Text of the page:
Chinese State Media Slams 22 Nations That Jointly Condemned Atrocities in Xinjiang

By Olivia Li, Epoch Times
July 15, 2019 Updated: July 15, 2019

Chinese state media launched an attack on the 22 countries that co-signed a letter condemning Beijing’s mass detention of Uyghurs and other minorities in the Xinjiang Uyghur Autonomous Region.

China is reportedly holding at least one million Uyghurs and other Muslims in re-education camps, described as “concentration camps” by rights groups.

UN ambassadors from 18 European countries, Japan, Canada, Australia and New Zealand co-signed the letter, released on July 10, and sent it to the Human Rights Council president, Coly Seck, and the High Commissioner for Human Rights, Michelle Bachelet.

The Global Times, a Communist Party mouthpiece, launched a counterattack on July 11—a form of retaliation against the nations that spoke out against the Chinese regime’s inhumane treatment of Uyghurs and Muslim minority groups in Xinjiang.

“These 22 nations do not represent the world, they constitute but a handful,” the title of the Global Times editorial read.

The article, written in a very critical tone, claimed that many developing countries, including the majority of Muslim countries, understand and support China’s policy of maintaining stability in Xinjiang.

“All the 22 nations that signed the joint statement are developed countries, including the three tiny Baltic states that always echo the Western countries out of geopolitical motivations.” The article wrote, “The total population in these countries add up to only 500 million people. They constitute only a small fraction of the world’s population. The governments in these countries refuse to respect the reality of diversity in the world. With arrogance and overweening pride, they actually divide the world into two confronting groups: a handful of ‘privileged nations’ vs. the vast developing countries.”

The Global Times claimed that European countries are indirectly responsible for the terrorist attacks in Xinjiang in previous years.

“What is more outrageous is that some organizations advocating Xinjiang independence are blatantly headquartered in some European cities. Some European countries provide them with shelters, gathering places and help to spread their voices, and thus indirectly supported the bloody terrorist attacks in Xinjiang in previous years.”

The editorial concluded that the Western countries are extremely selfish and ignore the survival and development rights of developing countries.

“The West should conduct an introspection as to why they form a small clique and always at odds with the vast developing countries.” It wrote, “If they give us kind advice, we would listen and take it into consideration; however, if they want to act as our teachers and force China to do anything, we would say, sorry, we are not interested. Please go away.”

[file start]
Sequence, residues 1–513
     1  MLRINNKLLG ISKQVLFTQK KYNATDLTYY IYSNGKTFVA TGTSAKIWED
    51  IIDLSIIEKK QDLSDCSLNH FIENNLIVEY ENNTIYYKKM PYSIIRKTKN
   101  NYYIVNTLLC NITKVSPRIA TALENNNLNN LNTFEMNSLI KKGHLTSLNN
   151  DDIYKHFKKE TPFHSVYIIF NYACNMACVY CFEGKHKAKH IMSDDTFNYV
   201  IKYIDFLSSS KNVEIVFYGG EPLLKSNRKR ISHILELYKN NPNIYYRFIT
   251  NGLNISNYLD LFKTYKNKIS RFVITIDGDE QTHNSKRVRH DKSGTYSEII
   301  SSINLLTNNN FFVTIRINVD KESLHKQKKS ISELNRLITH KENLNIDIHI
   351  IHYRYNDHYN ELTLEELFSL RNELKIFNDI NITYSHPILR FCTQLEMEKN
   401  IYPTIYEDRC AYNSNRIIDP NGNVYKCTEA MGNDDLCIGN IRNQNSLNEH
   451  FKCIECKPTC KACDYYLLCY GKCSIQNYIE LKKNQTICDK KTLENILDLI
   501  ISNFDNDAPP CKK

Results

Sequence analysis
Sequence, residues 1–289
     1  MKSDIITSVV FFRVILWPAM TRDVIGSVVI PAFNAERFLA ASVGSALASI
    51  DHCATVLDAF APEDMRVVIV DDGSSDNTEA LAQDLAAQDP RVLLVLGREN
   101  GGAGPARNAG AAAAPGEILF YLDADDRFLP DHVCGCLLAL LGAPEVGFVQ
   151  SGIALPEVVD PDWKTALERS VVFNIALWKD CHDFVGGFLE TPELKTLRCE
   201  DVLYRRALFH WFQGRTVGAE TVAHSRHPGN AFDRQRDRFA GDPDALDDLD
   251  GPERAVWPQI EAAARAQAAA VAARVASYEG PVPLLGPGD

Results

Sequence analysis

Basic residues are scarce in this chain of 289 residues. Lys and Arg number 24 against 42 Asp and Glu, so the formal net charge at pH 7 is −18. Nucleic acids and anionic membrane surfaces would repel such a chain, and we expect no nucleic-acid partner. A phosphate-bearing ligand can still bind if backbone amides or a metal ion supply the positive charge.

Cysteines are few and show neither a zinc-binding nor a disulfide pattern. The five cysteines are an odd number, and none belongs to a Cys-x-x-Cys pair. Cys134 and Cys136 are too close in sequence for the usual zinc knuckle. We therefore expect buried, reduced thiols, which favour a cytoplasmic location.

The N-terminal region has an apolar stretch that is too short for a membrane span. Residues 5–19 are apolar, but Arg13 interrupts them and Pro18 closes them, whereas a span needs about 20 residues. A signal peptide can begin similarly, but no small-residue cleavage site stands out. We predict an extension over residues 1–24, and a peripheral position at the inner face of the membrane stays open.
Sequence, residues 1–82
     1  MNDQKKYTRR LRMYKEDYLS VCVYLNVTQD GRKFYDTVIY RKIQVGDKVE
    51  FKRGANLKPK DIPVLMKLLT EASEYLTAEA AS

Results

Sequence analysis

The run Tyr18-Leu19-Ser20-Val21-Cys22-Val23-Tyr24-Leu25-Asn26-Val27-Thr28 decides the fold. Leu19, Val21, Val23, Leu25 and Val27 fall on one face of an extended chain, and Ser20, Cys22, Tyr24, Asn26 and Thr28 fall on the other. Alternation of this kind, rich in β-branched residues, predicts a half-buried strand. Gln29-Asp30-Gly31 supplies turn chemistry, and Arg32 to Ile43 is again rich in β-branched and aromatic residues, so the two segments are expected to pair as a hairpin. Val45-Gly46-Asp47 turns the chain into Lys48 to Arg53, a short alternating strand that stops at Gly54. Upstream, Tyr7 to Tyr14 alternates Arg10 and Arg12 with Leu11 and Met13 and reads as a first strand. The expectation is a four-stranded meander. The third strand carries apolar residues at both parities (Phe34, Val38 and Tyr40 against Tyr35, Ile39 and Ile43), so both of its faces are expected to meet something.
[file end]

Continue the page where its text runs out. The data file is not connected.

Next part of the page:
Evidence of Torture and Abuse: Former Detainees’ Testimonies

Chinese propaganda recently gave a new name to these re-education camps—vocational education centers. The Chinese regime justifies the extreme measures as necessary to prevent religious “extremism” and “terrorist activities,” and to ensure “ethnic unity” and national security. However, former detainees described deaths, torture and daily brainwashing in these so-called “vocational education centers.”

According to a report from Amnesty International in September 2018, former detainee Kairat Samarkan was sent to a detention camp in October 2017. Samarkan testified that he was abused—he was made to wear shackles on his arms and legs and was forced to stand in a fixed position for 12 hours. He said there were nearly 6,000 people held in the same camp, where they were forced to sing political songs and study speeches of the Chinese Communist Party (CCP). They could not talk to each other and were forced to chant “Long live Xi Jinping” before meals. Samarkan told Amnesty that the maltreatment he suffered drove him to attempt suicide just before his release.

Mihrigul Tursun, a Uyghur Muslim previously detained in a re-education camp in Xinjiang, gave a testimony at a hearing held by the U.S. Congressional-Executive Commission on China in November 2018. Tursun met and married her husband, who is an Egyptian, when she was studying English in Egypt. After she gave birth to triplets—two boys and a girl—in March 2015, she had difficulty taking care of her children and needed the help of her parents who were living in Urumqi, the capital city of Xinjiang. When Tursun went back to Xinjiang, she was interrogated at the airport in Urumqi on what she had done in Egypt. She was then handcuffed and taken to a detention center. She was not allowed to be with her infant children in nearly three months.

Tursun was temporarily released when one of her sons died in the hospital—he was only four-months-old.

Tursun said that when she returned to the detention center, she underwent various forms of torture, such as being tied up to chair, and interrogated for four consecutive days while being deprived of sleep. After a few months of abuse, she began to have seizures.

“I thought I would rather die than go through this torture. I begged them to kill me,” she said in her statement.

Tursun also said she witnessed nine deaths within three months while she was confined in a cell that held 68 other female detainees.

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